There are three steps to assessing a risk; Likelihood, Impact, Priority/Importance. Priority/Importance is determined by the likelihood and impact.
Risks are often assessed by project team members who have prior experience in a particular area, but bringing in experts can also add value. In fact as most risks have to be assessed by rule of thumb as they are estimates of future behaviour and events the more subject matter expertise you can bring to bear the better.
Be warned that subject matter expertise can also bring a skewed view. People who have been burned by a particular risk can often over-estimate its impact in the future. Similarly people’s assessment of risks can be skewed by their objectives and their horizons. An example from my past work is subject matter experts from operational areas often assess risks as having a huge impact (to their business unit) when in fact, in the context of the whole organisation the impact is insignificant and any inconvenience can be absorbed.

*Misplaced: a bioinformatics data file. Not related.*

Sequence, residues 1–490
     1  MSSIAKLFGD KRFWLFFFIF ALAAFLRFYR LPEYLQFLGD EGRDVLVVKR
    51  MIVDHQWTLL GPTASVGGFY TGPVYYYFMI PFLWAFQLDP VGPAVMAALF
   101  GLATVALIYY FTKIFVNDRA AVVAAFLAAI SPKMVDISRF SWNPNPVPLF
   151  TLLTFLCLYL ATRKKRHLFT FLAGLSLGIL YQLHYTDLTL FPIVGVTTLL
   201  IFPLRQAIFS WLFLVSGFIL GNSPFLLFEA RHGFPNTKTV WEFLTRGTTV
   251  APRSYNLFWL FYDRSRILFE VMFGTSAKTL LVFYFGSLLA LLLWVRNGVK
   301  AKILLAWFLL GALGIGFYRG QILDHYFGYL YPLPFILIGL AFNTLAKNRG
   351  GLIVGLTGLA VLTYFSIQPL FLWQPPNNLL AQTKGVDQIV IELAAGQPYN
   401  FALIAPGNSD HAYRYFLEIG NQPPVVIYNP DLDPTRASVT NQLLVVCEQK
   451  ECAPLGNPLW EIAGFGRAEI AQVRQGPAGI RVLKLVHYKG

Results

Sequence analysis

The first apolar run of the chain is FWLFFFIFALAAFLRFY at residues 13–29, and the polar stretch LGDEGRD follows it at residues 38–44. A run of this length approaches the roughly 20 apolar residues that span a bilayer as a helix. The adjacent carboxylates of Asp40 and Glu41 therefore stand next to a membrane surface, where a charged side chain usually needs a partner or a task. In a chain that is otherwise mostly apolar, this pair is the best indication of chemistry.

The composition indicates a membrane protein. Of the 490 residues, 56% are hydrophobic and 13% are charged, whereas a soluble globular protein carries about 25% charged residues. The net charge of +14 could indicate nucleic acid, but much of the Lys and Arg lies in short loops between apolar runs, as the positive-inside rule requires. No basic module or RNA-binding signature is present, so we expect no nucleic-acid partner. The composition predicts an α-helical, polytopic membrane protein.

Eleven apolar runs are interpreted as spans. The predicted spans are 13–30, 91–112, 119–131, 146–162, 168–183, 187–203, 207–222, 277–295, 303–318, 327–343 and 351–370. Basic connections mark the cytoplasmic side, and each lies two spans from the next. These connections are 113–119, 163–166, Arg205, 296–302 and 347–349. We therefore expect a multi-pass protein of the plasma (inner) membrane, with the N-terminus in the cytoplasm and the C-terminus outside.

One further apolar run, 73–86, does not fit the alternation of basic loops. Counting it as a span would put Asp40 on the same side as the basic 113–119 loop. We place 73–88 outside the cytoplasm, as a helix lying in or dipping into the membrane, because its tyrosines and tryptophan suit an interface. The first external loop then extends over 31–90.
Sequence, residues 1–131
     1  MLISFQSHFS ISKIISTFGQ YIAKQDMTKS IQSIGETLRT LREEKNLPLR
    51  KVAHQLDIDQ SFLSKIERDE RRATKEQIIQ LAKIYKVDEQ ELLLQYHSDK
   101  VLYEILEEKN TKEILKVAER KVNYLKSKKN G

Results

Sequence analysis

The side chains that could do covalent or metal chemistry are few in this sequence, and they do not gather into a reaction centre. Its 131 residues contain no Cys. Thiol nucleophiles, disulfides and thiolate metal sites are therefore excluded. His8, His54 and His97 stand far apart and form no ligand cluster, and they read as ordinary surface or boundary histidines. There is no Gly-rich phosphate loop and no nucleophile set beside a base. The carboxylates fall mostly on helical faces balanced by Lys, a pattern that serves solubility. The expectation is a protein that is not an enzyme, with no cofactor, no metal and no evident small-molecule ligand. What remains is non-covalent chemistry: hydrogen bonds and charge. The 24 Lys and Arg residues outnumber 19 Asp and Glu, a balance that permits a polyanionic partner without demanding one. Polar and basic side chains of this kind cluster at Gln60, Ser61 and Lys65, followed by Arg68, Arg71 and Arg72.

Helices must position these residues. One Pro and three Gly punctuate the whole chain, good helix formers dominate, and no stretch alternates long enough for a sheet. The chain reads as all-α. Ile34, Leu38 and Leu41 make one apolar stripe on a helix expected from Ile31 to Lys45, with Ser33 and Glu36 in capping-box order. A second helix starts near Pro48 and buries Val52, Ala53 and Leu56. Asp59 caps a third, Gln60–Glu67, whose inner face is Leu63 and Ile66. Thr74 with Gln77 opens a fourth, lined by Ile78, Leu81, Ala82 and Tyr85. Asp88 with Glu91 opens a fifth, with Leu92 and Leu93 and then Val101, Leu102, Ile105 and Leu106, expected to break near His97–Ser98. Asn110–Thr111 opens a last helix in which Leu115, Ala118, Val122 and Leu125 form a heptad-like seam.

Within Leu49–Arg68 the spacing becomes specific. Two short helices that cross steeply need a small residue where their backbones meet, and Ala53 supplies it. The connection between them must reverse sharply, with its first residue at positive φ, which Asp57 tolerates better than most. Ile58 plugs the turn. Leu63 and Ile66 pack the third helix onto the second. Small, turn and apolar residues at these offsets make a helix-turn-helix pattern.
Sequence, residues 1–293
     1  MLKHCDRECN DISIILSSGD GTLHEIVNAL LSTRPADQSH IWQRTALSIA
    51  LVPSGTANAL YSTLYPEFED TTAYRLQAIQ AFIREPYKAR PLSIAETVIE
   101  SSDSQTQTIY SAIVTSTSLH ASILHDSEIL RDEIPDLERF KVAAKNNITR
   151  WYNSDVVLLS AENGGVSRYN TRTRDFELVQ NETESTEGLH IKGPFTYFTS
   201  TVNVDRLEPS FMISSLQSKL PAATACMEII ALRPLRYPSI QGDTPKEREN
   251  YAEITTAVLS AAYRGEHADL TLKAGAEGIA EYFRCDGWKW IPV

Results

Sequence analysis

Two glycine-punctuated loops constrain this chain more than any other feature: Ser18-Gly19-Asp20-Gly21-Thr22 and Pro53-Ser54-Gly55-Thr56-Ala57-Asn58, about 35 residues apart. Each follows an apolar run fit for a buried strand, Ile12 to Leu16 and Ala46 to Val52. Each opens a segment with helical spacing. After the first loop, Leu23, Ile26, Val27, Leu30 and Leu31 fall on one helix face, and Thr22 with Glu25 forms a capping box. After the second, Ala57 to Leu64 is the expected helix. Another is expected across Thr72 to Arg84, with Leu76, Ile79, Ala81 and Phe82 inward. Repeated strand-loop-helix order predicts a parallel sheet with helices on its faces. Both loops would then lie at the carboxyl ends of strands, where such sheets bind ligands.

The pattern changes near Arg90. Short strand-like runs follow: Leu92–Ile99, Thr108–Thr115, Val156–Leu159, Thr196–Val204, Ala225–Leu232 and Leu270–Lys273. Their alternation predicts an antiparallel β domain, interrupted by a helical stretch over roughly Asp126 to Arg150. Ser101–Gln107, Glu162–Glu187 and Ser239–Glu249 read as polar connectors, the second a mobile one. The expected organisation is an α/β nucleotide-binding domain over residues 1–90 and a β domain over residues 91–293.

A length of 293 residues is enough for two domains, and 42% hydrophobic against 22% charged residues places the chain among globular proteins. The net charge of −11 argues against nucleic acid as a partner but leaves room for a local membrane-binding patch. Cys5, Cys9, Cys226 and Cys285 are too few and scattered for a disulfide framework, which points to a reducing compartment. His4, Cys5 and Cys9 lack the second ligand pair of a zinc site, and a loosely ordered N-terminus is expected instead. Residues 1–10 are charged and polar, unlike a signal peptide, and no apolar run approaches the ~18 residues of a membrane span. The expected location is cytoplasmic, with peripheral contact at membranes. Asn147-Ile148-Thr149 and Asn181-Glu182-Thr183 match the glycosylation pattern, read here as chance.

Organised project offices often have defined thresholds for likelihood and impact and they should be contextualised to the environment. For example, my family’s suburban legal practice would consider a $100,000 critical, while Telstra would probably consider this minor.
Typically risk management systems use Likert scales (score from 1-5) to assess impacts and likelihood, with each score corresponding to a minimum, maximum or both threshold.
Assessing likelihood and impact will be addressed in detail later in the series.
Craig Brown has worked as a project manager and business analyst mainly in the Australian ITC and the banking industries. He has also worked in the law, education and welfare industries, including starting a law firm. Craig now has a Master’s degree in project management from RMIT university, and is currently working with a Melbourne based IT consulting firm called OptimiseIT. Craig’s personal blog can be found at http://betterprojects.net.